In April 2021, The Met unveiled the first major reinstallation of Art of Native America. Featuring 89 works, with 29 new additions, the display—co-curated by Patricia Marroquin Norby and Sylvia Yount—highlights recent acquisitions of work by contemporary Indigenous artists, including a fully beaded northern traditional dance outfit by Jodi Archambault (Hunkpapa and Oglala Lakota) and a hand-sewn textile hanging, Untitled (Dream Catcher), by Marie Watt (Seneca). Additional works include significant loans of ceramic and beaded art by Courtney Leonard (Shinnecock) and Joe Baker (Lenape/Delaware), respectively. The reinstalled display also features new loans from the Dikers, including Woodlands material of the Chitimatcha and Seminole communities; gifts of Diné textiles and Lakota beadwork from the Ernst and Hirschfield collections in celebration of The Met’s 150th anniversary; as well as subsequent donations of Lakota clothing from long-term American Wing supporters Lesley and Joseph Hoopes. Selections from The Met’s Ralph T. Coe Collection, which entered the Museum in 2011, are also featured.
Also new to Art of Native America is an active land and water statement that demonstrates The Met’s institutional commitment to respectfully recognizing the original Native American and Indigenous communities of the New York region along with their inextricable ties to its land and waters. The statement affirms the Museum’s ongoing intention to pursue collaborative relationships with contemporary Native American artists and source communities.
Adjacent to the long-term installation, in the north end of The Erving and Joyce Wolf Gallery now reserved for responsive displays to Art of Native America, is the exhibition Karl Bodmer: North American Portraits, which opened April 5, 2021. Featuring some 35 portraits and other works, the loan show offers compelling visual representations of Native individuals created in the 1830s by the Swiss draftsman Karl Bodmer (1809–1893). The exhibition features a multivocal approach with interpretive texts authored by Indigenous historians, artists, and tribal elders from the communities visited by Bodmer and the German explorer and naturalist Maximilian, Prince of Wied-Neuwied, who commissioned the artist as part of his expedition to the northwestern reaches of the Missouri River.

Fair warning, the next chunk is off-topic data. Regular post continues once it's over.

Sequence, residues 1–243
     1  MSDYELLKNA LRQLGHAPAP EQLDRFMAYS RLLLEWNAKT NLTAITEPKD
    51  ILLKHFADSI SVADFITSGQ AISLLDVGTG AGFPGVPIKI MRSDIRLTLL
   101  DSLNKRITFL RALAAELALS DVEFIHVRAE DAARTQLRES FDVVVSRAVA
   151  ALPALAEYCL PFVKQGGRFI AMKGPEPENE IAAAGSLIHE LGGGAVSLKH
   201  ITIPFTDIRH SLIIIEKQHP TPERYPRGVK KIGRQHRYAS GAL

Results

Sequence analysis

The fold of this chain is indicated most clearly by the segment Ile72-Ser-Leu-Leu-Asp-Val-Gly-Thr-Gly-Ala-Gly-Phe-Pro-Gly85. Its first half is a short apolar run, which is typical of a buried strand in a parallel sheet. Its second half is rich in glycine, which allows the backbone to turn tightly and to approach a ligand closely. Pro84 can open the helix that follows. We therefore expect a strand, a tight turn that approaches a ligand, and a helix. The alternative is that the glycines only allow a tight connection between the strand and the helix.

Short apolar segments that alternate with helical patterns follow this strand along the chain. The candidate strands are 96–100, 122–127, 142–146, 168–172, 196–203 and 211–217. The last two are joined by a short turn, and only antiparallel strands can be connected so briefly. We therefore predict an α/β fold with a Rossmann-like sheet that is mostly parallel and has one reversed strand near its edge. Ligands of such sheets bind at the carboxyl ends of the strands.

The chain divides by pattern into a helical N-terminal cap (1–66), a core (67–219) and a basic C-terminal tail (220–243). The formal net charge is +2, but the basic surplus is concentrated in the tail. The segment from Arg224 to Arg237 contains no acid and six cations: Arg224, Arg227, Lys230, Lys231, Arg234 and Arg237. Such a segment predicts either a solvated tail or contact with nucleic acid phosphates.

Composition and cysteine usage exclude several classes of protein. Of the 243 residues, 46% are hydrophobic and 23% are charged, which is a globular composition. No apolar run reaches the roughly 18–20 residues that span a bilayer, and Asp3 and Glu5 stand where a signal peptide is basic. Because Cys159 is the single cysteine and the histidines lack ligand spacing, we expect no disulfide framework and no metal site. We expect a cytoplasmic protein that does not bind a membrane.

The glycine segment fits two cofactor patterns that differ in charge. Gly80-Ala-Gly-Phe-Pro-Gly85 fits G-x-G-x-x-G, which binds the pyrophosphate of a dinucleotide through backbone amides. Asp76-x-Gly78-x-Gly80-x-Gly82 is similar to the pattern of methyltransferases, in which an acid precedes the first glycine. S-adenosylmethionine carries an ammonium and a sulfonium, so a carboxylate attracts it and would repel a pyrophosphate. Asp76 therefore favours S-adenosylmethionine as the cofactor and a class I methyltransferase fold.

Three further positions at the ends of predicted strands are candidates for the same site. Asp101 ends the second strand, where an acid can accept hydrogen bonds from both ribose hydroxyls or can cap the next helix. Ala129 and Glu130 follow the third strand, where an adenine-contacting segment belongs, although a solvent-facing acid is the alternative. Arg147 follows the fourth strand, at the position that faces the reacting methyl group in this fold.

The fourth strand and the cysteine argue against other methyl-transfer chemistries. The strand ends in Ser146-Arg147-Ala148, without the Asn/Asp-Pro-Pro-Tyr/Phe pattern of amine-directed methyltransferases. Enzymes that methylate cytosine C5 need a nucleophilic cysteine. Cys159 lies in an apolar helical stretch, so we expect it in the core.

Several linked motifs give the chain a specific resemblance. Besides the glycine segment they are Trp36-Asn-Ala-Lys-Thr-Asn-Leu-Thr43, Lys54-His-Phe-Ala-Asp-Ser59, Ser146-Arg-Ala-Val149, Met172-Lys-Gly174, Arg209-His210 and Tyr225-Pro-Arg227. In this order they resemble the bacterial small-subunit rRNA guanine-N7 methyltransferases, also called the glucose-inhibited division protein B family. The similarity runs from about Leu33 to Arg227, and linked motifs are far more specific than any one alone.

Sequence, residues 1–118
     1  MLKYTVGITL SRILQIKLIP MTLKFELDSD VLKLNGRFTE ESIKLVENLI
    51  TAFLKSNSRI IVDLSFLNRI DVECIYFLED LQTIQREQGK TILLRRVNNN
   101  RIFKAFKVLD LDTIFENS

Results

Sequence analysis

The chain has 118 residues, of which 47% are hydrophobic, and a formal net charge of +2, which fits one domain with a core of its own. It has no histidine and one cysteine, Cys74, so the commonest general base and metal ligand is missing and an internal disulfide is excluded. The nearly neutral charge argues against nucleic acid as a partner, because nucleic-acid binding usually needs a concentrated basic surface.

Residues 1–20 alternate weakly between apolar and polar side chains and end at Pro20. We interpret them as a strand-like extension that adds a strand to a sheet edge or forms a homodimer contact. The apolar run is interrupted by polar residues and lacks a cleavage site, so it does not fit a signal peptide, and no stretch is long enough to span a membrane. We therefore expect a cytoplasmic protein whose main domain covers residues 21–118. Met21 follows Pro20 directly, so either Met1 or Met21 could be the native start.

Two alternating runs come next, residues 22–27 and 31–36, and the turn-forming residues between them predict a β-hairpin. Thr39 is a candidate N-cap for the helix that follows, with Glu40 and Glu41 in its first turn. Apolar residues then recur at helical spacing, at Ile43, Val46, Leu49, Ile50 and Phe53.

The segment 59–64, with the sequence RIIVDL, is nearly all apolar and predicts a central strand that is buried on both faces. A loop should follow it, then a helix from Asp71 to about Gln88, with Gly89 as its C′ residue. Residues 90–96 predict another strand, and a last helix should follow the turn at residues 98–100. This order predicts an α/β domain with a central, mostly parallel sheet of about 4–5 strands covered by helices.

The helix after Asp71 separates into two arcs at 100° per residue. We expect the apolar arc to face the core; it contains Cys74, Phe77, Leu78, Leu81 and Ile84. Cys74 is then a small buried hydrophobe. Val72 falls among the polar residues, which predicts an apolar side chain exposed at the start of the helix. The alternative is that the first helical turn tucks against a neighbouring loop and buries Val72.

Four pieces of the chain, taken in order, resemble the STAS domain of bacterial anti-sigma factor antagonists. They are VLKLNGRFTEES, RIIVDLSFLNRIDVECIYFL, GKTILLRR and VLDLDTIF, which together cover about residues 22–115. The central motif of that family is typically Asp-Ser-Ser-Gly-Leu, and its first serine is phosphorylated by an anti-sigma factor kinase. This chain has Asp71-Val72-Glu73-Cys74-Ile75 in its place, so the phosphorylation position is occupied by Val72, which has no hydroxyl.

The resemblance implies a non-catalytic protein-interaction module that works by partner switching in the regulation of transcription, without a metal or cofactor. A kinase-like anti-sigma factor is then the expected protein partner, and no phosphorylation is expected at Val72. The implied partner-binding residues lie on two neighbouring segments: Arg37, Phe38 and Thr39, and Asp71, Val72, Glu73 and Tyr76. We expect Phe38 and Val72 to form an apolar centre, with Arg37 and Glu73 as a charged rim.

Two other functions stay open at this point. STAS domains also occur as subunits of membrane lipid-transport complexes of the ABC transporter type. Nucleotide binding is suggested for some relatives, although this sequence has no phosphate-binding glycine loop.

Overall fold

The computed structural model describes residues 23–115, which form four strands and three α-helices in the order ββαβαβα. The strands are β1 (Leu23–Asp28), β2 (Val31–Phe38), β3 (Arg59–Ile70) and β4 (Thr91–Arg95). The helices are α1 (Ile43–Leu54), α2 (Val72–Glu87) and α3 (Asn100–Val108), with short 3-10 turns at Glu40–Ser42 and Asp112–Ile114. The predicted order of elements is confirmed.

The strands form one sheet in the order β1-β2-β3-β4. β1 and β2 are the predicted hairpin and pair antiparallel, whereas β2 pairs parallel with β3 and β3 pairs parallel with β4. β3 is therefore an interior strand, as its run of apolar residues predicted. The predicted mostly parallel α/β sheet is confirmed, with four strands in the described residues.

About Native American Art at The Met
In 2017, Charles and Valerie Diker promised their collection of historical Native American art to The Met. Long considered the most significant holdings in private hands, the gift marked a pivotal moment in the American Wing’s ability to share more expansive and inclusive narratives in its galleries. The 2018 display of highlights of the collection—Art of Native America: The Charles and Valerie Diker Collection—was the first exhibition of Indigenous American art to be presented in the American Wing since it was established in 1924. Originally focused on Colonial and early Federal decorative arts and architecture by Euro-American artists, the Wing’s collecting focus has evolved to encompass painting, sculpture, and works on paper as well as decorative arts by African American, Euro-American, Latin American, and Native American artists of the 19th, 20th, and 21st centuries.
May 12, 2021